Statewide high school dropout rates down from 1999- Massachusetts Department of Elementary and Secondary Education
|For Immediate Release|
|Monday, November 19, 2001|
|Contact:||Heidi B. Perlman 781-338-3106 or Jonathan Palumbo 781-338-3105|
Statewide high school dropout rates down from 1999
MALDEN - Statewide high school drop out rates dipped slightly to 3.5 percent in 2000, a drop from 3.6 percent in 1999, according to a Department of Education study released on Monday.
In all, a total of 9,199 students in grades nine through 12 dropped out of public high schools during the 1999-2000 school year, and did not return by October 1, 2000. Of those students, 2,565 were in 10th grade, 2,444 were in 11th grade, 2,430 were in ninth grade and 1,761 were high school seniors.
An additional 1,675 students dropped out during the 1999-00 reporting year, but had returned to school by October 1, 2000.
"As we continue to both hold all of our students to higher standards, and provide them with the tools and extra help they need to get ahead, I am confident our drop out rate will continue its decline," said Education Commissioner David P. Driscoll.
Many urban communities saw declines in their district-wide dropout rates. In Lawrence, dropouts went from 19.2 percent in 1999 to 12.2 percent in 2000. Springfield’s numbers dropped from 7.2 percent to 6 percent in 2000. And in Boston, the dropout rate dropped from 9.8 percent to 9.4 percent.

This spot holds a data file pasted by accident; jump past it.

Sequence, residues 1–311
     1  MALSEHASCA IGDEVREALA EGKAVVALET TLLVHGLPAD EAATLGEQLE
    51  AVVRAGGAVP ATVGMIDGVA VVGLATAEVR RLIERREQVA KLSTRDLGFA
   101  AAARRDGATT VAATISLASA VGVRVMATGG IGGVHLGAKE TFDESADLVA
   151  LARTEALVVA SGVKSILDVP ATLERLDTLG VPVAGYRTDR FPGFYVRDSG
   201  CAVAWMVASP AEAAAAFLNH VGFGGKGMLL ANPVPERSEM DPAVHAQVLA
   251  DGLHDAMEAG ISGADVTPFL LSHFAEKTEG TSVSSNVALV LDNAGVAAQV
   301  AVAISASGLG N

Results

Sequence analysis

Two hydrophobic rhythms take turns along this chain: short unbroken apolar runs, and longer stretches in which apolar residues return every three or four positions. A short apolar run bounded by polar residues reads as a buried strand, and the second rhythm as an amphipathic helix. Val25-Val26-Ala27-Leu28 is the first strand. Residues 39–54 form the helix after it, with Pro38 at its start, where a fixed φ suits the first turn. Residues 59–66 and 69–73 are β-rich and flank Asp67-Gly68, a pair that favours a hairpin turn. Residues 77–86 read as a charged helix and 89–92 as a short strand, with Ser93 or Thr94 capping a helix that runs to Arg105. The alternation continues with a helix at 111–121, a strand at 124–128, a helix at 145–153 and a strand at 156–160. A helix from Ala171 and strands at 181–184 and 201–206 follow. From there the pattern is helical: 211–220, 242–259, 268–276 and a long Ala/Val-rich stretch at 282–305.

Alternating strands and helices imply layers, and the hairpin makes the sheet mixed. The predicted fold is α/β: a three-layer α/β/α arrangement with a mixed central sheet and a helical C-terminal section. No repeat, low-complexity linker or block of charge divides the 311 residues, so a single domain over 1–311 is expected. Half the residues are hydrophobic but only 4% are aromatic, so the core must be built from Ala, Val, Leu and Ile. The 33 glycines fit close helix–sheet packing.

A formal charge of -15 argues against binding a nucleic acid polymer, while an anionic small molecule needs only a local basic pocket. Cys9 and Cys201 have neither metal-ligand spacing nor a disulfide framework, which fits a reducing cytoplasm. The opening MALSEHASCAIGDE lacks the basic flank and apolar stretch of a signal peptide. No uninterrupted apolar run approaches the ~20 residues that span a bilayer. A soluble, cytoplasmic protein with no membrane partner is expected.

According to the report, across the state 8.2 percent of high school aged Hispanic students dropped out, a significant dip from the 9.8 percent who dropped out the previous year, but still the highest rate among different ethnic groups.
In addition, 6.1 percent of African-American students in that age group dropped out, down from 6.7 percent the previous year. In addition, 4.2 percent of Native American students dropped out, up from 4 percent; 4 percent of Asian students dropped out, up from 3.6 percent; and 2.6 percent of white students dropped out, up from 2.5 percent.
As has been the trend in past years, more males dropped out than their female peers. A total of 5,362, or 4 percent of males dropped out, as compared with 2.9 percent, or 3,837 females. Females were also more likely to return to school after leaving.
At vocational-technical schools, statewide the dropout rate rose to 3.2 percent from 2.9 percent the previous year.
At charter schools, of the 2,550 students in grades nine through 12, 120 students dropped out, a drop out rat e of 4.7 percent. Of the 18 charter schools with high school-aged students, six had no dropouts, six had a dropout rate of between .1 and 3 percent, one had a rate of 4.9 percent, and three had a rate of more than 10 percent.
"While it’s encouraging to see these numbers go down, we are still far from our goal," Commissioner Driscoll said. "As our teachers continue to focus on the needs of our most troubled students, over time we hope to eventually see these numbers get even smaller."
The dropout report can be viewed in its entirety on the Department of Education’s Web site.